I Love This Town!

Music, Theater Add comments

chicago.jpgThere’s probably no other city in North America, other than New York City, that is like Chicago in terms of the staggering number of arts and culture events that you can go to at any given day. There’s music, theater, dance, film, visual arts, even glassmaking, pottery-making, tattoo art demonstrations- you name it you can find it here, in rickety schoolrooms converted into theaters, in cavernous loft warehouse spaces, in parks and botanical gardens, in gleaming, acoustically-perfect music pavilions, in art galleries and antique shops. There’s high-art and low-art, spectacular extravaganzas and intimate chamber performances, world-class productions and artists and brazen “hey-kids-let’s-put-on-a-show-in-the-barn” performances. And you have a pick of them at any given day of the week. Last Saturday was one of those days when I felt truly lucky to be living in the arts vortex that is Chicago. I started the evening off with a marvelous, perfectly put-together Gershwin tribute concert (for free!) with acclaimed Broadway stars, and a brilliant up-and-coming Russian pianist, framed by a skyline glowing in the sunset at Millennium Park’s stunning Pritzker Pavilion, and ended it after midnight at a dark, dank, perspiration-inducing storefront in Uptown where the bathrooms were scarier than the Blair Witch Project, but where the whole air was tingling with artistic ambition treading on a high-wire without a safety net. Man, this is why I love living in this city!

After years of going to Ravinia during the summer, I have recently shifted my allegiance to its rival, the Grant Park Music Festival, once it found a new home in the Pritzker Pavilion. I’ll still go to Ravinia, but it would have to be for the major draws (such as last summer’s brilliant Philip Glass/Leonard Cohen concert collaboration, Book of Longing), and only if I have Pavilion or Martin theater seats. Call me curmudgeonly in my old age, but I’d rather boil and can durian fruit then be shoved and pushed by more-than-slightly-tipsy riders and drenched with dripping water from ice coolers on the train ride to and from, and bitten by, gulp, suburban mosquitoes on the lawn while not being able to see the performers, or even, to be honest, hear them well (the acoustics at Ravinia don’t stack up well against the Pritzker Pavilion acoustics at all). Plus, I can always go see the Chicago Symphony at their real home, Symphony Center, in the city, during the regular season. At the Grant Park Festival in the Pritzker Pavilion, on the other hand, you have the benefit of universally-acclaimed acoustics where you can soar with every clearly-transmitted musical note. You have a choice of having a picnic on the lawn, just like Ravinia (and you don‘t have to pay ten bucks to get on this lawn), or getting free seats where you have a good sightline to the performers on stage.  You’re surrounded by the ineffable urban magic of a global capital.  And if you’re bitten by mosquitoes or any other flying fauna, at least you know they’re city born and bred.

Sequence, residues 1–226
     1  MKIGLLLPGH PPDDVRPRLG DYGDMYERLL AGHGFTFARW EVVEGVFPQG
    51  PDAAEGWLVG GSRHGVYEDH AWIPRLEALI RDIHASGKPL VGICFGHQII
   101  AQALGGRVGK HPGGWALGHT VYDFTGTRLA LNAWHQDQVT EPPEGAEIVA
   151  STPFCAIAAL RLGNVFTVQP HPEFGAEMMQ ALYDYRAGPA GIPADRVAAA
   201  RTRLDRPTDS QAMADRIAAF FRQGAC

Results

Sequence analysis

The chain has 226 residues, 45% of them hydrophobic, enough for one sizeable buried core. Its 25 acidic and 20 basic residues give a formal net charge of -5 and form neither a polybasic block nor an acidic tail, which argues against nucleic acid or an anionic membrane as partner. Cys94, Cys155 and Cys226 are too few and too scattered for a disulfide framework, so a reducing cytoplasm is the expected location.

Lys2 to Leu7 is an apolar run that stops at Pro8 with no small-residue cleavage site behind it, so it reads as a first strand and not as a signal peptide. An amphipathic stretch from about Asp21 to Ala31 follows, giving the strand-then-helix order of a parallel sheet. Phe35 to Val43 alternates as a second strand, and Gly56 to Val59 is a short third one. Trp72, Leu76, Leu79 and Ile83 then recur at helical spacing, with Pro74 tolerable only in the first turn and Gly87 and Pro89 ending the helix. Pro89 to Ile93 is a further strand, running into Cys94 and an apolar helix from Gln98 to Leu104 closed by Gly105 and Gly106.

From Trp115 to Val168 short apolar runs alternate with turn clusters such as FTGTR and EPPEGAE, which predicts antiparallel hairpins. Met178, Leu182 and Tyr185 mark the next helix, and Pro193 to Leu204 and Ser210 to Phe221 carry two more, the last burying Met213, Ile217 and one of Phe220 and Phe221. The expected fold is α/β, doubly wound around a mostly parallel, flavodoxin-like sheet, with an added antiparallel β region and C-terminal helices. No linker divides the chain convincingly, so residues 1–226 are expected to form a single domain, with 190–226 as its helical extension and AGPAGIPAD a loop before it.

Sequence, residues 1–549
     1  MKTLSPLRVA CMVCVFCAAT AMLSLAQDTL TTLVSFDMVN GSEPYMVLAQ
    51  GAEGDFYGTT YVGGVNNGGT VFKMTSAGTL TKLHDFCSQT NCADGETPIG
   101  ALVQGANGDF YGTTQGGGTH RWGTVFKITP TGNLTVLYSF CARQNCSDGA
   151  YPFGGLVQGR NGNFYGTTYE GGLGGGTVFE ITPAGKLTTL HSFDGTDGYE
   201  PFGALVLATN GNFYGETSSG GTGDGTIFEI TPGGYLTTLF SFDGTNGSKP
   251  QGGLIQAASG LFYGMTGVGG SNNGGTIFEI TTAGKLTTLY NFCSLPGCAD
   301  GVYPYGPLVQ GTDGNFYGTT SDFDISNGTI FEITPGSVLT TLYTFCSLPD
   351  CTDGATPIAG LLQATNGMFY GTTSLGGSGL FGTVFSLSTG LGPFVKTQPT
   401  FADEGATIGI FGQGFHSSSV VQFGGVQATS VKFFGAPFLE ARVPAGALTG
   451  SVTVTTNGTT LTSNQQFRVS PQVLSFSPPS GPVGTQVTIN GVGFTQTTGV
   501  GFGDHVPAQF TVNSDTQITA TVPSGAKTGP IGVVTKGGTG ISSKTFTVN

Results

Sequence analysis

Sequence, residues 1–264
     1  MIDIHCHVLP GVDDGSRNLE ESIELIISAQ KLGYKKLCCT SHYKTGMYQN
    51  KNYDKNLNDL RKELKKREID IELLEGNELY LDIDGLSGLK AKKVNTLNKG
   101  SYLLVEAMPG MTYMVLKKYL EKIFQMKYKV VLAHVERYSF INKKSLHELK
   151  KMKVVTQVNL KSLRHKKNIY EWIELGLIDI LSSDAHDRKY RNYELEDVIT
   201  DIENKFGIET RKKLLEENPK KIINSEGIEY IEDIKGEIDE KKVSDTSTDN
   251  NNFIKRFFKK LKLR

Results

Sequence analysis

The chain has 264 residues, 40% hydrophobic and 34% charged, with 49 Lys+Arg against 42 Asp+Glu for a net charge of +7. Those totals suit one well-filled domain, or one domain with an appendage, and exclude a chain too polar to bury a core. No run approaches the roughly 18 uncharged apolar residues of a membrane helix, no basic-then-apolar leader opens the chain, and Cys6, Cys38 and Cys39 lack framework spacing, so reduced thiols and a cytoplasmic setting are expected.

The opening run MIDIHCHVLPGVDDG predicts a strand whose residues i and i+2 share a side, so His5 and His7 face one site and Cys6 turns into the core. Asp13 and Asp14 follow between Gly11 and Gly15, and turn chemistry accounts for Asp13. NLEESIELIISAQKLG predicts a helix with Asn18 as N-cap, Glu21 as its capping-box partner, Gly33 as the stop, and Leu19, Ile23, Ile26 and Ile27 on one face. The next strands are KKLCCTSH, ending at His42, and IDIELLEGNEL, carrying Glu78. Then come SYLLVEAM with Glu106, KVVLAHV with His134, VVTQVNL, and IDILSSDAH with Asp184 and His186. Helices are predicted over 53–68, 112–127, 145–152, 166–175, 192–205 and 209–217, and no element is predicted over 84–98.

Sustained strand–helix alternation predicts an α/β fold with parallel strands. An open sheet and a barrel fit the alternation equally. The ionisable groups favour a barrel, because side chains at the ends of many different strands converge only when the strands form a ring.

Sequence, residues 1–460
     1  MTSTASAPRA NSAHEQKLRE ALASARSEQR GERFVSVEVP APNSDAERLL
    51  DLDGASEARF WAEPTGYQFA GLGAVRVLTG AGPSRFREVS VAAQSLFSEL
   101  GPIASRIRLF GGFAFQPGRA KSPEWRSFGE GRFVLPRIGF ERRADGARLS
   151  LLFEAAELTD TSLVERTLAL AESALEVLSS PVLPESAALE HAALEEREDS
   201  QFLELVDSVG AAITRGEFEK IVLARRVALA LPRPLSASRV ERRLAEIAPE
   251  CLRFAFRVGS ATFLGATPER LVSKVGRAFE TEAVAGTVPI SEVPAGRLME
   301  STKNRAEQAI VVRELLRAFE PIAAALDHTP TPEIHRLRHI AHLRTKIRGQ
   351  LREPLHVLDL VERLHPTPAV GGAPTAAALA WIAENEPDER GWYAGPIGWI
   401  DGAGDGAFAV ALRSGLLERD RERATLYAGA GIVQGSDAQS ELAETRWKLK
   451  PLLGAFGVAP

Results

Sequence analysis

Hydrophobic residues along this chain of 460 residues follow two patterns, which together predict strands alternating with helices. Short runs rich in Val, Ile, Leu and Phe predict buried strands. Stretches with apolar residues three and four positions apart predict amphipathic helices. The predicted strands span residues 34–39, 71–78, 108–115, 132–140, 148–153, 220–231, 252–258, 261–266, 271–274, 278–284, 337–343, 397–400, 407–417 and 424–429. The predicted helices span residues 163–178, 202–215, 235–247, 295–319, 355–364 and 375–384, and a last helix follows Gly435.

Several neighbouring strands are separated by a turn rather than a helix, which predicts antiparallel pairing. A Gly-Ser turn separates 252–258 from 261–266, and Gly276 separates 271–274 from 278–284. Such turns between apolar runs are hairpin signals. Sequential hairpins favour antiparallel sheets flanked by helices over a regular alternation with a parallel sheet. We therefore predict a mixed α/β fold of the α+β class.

There were no mosquitoes last Saturday night as I sat with BFF Sydney and her husband Mark, and our friend Kimber with her visiting friend Bill, enraptured by the wonderful music of George Gershwin. The concert was world-class, with the Grant Park Orchestra conducted by Kevin Stites, and Broadway stars Marin Mazzie (who I have loved for years, and who originated the role of Clara in Sondheim’s Passion on Broadway); her husband Jason Danieley, who was most recently on Broadway with David Hyde-Pierce in Curtains, and who I saw, ahem, a lot of, years ago in the original Broadway production of The Full Monty; Norm Lewis, who was Javert in last year’s Broadway revival of Les Miserables; and Harolyn Blackwell, who had sung in both operas and Broadway musicals (such as the 1997 Broadway revival of Bernstein’s Candide).  High-caliber musical theater stars all- and we didn’t have to pay anything to see and hear them perform! Everyone was uniformly excellent, but I especially loved the Porgy and Bess selections that Lewis and Blackwell performed – the singing was heartfelt, mesmerizing, and crystal-clear. Towards the end of the show, Russian pianist Kirill Gerstein played a show-stopping version of Rhapsody in Blue, and boy, was it magnificent. People were on their feet (well, at least those who did not have to adjust their hip replacements, or reach for their walkers, or tug at their oxygen tanks; let’s just say that there weren’t a danger of having Ravinia-style tipsiness last Saturday at the concert, since many of the audience members’ drink of choice would probably be, uhmmm, liquefied Geritol) heartily applauding. My friends stayed for the Playback portion of the concert where Gerstein played several more Gershwin solos. I had to hightail it back to the Northside, since an arts blogger’s work was never finished. I had a The Living Canvas performance to catch.